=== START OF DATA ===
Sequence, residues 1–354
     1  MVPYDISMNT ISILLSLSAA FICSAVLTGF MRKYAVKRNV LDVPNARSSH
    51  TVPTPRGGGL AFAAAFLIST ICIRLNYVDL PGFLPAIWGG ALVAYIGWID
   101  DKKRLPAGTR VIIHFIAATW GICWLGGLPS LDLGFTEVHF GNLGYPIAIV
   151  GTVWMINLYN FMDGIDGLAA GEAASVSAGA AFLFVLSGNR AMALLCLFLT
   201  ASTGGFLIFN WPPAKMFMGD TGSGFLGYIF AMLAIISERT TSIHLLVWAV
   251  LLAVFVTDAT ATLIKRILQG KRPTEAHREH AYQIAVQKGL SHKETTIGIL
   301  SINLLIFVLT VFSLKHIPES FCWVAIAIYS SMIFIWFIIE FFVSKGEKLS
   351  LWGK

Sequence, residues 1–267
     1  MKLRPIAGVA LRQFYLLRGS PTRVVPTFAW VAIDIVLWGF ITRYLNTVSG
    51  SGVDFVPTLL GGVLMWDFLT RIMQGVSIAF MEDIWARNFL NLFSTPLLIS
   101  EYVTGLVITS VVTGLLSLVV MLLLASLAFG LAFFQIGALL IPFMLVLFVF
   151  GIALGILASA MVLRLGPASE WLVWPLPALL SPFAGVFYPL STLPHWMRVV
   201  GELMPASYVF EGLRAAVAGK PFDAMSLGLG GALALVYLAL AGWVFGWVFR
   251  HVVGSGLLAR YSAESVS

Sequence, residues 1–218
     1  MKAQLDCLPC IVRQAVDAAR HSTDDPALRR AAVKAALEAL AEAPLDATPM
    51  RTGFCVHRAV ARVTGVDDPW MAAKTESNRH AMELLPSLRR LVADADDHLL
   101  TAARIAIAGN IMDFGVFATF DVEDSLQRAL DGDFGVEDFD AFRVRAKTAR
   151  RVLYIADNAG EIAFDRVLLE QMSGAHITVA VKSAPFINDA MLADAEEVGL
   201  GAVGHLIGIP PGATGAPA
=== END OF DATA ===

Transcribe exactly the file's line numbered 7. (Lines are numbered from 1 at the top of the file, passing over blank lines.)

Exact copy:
   251  LLAVFVTDAT ATLIKRILQG KRPTEAHREH AYQIAVQKGL SHKETTIGIL